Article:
During the work group sessions students will discuss several case studies in which different profiles of primary and secondary school students with a plethora of problems within a school setting are given. Students will assess the problem and it’s underlying mechanisms based on course materials. Students will write a written advisory report taking the role of a School Psychologist making recommendations to the teacher, parents and/or school board.

As such, during the work group sessions, students will complete an assignment comprised of two parts.
1. Students are required to explore and critically reflect on a casus and write an advisory report. This advisory report should be suitable for teachers, school boards, and/or parents. Students are also asked to review the reports from two peers.
2. Students are required to take the role of a School Psychologist by presenting their advice to the teacher(s) or school board in front of a panel, which are other members of the work group. The advice needs to be based on the knowledge acquired during lectures on the learning principles and cognitive (and socio-emotional) development.

During every work group session students will also, in turns, prepare discussion questions pertaining to the lecture materials of the week and experiment with different work forms.

Lectures and work group sessions take up to a total of 120 hours, including the research and preparation of the assignments and lectures. In addition, students are expected to spend 160 hours preparing for the examination.

Language of instruction
Lectures are in English. Work group sessions are in Dutch or English (IBP). Work group assignments can be completed by students in Dutch or English (IBP) according to placement in the workgroups. The questions on the examination are in English; however, students are allowed to answer in Dutch and/or English.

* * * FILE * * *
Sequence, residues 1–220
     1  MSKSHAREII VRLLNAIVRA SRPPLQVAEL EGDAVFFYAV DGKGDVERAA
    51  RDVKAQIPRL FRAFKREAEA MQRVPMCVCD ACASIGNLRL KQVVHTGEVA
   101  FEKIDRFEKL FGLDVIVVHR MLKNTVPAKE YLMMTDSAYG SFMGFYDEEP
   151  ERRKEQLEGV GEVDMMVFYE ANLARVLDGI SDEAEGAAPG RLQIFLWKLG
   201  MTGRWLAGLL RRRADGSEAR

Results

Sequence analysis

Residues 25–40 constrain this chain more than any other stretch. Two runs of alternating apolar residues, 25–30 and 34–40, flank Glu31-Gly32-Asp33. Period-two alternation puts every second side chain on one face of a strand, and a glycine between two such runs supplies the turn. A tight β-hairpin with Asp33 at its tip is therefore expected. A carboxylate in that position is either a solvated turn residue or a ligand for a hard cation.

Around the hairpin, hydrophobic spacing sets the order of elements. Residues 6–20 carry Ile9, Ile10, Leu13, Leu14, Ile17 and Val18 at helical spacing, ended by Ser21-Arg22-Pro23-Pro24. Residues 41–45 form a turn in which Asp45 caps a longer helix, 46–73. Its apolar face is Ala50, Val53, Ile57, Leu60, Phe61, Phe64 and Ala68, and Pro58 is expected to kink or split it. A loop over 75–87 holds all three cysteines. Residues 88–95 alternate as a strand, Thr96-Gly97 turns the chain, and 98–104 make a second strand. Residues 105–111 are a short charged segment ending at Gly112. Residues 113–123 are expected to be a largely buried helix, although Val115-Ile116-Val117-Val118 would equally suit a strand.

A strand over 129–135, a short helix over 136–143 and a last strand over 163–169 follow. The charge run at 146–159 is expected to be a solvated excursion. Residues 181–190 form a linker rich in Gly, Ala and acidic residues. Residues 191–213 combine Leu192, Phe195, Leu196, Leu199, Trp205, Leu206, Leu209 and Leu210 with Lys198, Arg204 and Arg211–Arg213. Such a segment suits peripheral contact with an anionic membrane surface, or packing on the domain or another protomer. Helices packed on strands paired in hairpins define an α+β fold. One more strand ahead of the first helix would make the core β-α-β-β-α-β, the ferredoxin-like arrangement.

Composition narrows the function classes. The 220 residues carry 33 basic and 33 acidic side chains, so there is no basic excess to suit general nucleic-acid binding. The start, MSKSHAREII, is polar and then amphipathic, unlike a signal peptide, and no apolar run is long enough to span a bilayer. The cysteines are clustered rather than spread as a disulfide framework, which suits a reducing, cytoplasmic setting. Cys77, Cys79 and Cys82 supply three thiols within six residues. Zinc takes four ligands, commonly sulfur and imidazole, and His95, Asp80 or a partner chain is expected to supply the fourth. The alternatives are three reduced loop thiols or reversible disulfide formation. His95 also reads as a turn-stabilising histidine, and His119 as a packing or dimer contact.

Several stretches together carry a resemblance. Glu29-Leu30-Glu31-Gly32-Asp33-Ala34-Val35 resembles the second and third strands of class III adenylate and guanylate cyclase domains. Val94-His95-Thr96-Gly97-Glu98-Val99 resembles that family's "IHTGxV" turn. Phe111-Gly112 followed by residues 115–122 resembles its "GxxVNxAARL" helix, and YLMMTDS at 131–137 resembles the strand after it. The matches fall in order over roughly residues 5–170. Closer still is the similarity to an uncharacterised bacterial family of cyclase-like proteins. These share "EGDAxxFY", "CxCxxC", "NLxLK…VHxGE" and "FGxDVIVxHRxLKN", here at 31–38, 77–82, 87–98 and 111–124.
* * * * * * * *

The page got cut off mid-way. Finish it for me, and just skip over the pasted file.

Assessment method

The final grade for School Psychology will be based on the following:

  • Grade for the examination (70%): The examination consists of a maximum of 8 open-ended essay questions based on the literature and lectures.

  • Grade for work group assignment (30%): participation during group discussions; scientific advisory report analysing the casus; final presentation taking the role of a School Psychologist. Active participation in all work group sessions is mandatory. Students are allowed to miss two work group session at most.

A one-hour post-examination consultation will be held within 30 days after the examination date. During this time students receive the opportunity to view their exam. The date and time of the post-exam consultation will be announced through Blackboard soon after the exam has taken place.

The Institute of Psychology uses fixed rules for grade calculation and compulsory attendance. It also follows the policy of the Faculty of Social and Behavioural Sciences to systematically check student papers for plagiarism with the help of software. Disciplinary measures will be taken when fraud is detected. Students are expected to be familiar with and understand the implications of these three policies.

Reading list

  • Peer-reviewed articles and book chapters on cognitive development, as provided on Blackboard

  • Lecture sheets

  • (Web) lectures

Contact information